Finding Common Ground In Our Hymn Singing

Abstract in black and white by John Lavender
By on March 31, 2024

In my February article, “Understanding Our Hymn Preferences,” I made a comparison between traditional and contemporary hymns, also referring to a middle area where congregations might find some common ground. I said I would write about that at another time, and that time is now.

Up to and throughout the 1960s hymns sung in churches were pretty much traditional metrical hymns. Then, in the 1970s, we started to see the emergence of the modern folk music influence – a breath of fresh air to some and “pooh-poohed” by others. That was then. Now, many of those songs have become mainstream, and have paved the way for others. It is hard to imagine our hymnbooks without music by the likes of Gordon Light, Ian MacDonald, Linnea Good, Jim Manley, Ron Klusmeier, Carey Landry, Marty Haugen, and the list goes on.

So why are these kinds of worship songs now accepted? I think has to do with both their sound and their messages. They have appealing tunes that are rhythmically interesting, easy to sing, and the texts are relatable; they represent the many facets of God and the human experience. This then, brings me to other styles that have become a large part of our church music repertoire. They include music from the Taizé Community, the Iona Community, and songs from other countries and cultures.

Taizé is an ecumenical community of brothers in France that was started by Brother Roger in1940, during World War II. As he saw Christians divided and killing each other he dreamt to have a place where all faiths and nationalities could be reconciled. For 30 years they sang 16th century chorales and the psalmody of Joseph Gelineau, but with the sudden influx of young people in the 1970s a new type of music was needed. Enter composer Jacques Berthier. He found that writing short, repetitive pieces worked the best because it encouraged congregational singing and engaged the whole worshipping body in “sung prayer,” allowing one to move into the presence of God without the constraint of many words.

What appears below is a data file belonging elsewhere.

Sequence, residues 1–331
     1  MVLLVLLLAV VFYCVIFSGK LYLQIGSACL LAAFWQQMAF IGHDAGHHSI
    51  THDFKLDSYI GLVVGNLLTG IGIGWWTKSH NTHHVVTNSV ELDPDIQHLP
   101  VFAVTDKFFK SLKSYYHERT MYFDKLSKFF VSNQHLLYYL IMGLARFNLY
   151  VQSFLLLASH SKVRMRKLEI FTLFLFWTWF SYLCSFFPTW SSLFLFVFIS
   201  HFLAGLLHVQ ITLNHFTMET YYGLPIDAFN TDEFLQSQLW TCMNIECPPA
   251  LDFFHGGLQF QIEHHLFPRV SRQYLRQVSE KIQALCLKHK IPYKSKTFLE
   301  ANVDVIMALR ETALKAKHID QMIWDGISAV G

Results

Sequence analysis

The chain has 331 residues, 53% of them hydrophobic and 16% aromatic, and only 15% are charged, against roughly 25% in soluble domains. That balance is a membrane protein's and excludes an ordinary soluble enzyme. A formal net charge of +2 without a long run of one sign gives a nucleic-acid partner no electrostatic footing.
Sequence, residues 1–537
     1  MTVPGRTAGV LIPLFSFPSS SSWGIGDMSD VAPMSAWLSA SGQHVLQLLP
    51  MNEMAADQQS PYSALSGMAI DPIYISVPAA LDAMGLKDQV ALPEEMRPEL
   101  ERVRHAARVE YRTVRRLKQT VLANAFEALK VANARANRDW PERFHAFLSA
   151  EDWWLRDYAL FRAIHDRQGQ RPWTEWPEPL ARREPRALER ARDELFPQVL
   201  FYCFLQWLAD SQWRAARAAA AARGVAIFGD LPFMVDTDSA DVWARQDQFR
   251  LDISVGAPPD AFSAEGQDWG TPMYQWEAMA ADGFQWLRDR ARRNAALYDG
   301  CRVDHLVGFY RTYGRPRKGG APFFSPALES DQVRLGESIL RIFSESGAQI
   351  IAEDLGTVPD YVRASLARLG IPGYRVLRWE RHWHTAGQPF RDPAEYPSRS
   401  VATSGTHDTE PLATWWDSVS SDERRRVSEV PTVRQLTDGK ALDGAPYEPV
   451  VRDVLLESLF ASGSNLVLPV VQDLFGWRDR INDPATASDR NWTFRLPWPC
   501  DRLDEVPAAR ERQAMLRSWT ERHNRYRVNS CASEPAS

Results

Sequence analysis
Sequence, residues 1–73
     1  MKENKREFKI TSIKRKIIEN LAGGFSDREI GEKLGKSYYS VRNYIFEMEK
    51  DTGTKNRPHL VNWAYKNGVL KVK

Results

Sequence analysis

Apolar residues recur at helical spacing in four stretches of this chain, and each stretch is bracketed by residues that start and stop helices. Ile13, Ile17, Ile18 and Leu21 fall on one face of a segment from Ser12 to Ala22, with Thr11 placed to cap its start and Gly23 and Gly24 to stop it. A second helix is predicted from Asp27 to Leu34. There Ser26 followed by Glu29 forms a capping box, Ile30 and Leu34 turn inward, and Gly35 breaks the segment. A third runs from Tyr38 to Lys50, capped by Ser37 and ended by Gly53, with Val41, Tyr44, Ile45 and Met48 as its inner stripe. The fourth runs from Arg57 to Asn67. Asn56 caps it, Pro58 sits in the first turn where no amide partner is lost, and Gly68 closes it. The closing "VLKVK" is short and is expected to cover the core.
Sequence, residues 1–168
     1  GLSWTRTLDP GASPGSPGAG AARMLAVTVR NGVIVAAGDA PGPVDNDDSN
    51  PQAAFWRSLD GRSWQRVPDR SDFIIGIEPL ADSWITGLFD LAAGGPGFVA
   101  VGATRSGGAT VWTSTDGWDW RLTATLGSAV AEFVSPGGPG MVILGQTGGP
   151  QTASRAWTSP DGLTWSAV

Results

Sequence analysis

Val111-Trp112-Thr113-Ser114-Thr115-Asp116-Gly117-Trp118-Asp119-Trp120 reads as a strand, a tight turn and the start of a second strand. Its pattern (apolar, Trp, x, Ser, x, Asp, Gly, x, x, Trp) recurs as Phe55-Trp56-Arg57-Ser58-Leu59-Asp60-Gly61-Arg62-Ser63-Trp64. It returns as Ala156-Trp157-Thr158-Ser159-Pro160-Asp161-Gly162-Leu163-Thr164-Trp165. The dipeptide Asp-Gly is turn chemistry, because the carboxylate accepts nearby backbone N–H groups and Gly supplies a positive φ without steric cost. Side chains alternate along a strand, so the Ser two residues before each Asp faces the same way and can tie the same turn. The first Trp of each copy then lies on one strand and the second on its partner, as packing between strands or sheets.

Iona is an ecumenical community of men and women founded by George MacLeod in Scotland in 1938, during the Great Depression, amid prospects of war. He was an inner-city minister who was appalled by the lack of impact the church had on the lives of those most hard-hit by economic and political events. This led him to start a community in a 1000-year-old historic abbey located on the remote island of Iona. Today it has a thriving world-wide membership whose work relates to peace and justice, community, and celebration. Their tenets are what drew John Bell, a Scottish minister, and Graham Maule to the community in the 1980s. There, they developed a biblically based theology that speaks to the young and marginalized, addressing subjects such as disenfranchisement, poverty, persecution, abuse, etc. The music to which these texts are set covers a wide range of styles including rhythmic contemporary, short repetitive chants (similar to Taizé) and Scottish folk tunes. Chances are you might be familiar with their well known hymn, “Will You Come and Follow Me.” In addition, John Bell is responsible for bringing countless songs from developing countries to the rest of the world. He believes it important that their voices also be shared.

Referring back to my February article, I stated that there has been an explosion in the evolution of hymn singing since the last century, and it goes far beyond the once narrow view of only traditional or contemporary hymns. Therefore, I encourage you to take another look at the wealth of music available and hopefully, you will discover that it is, indeed, possible to find a common ground as we worship together through song.


  • Norene Morrow

    Norene Morrow is the music director at St. George Anglican Church in West Kelowna.

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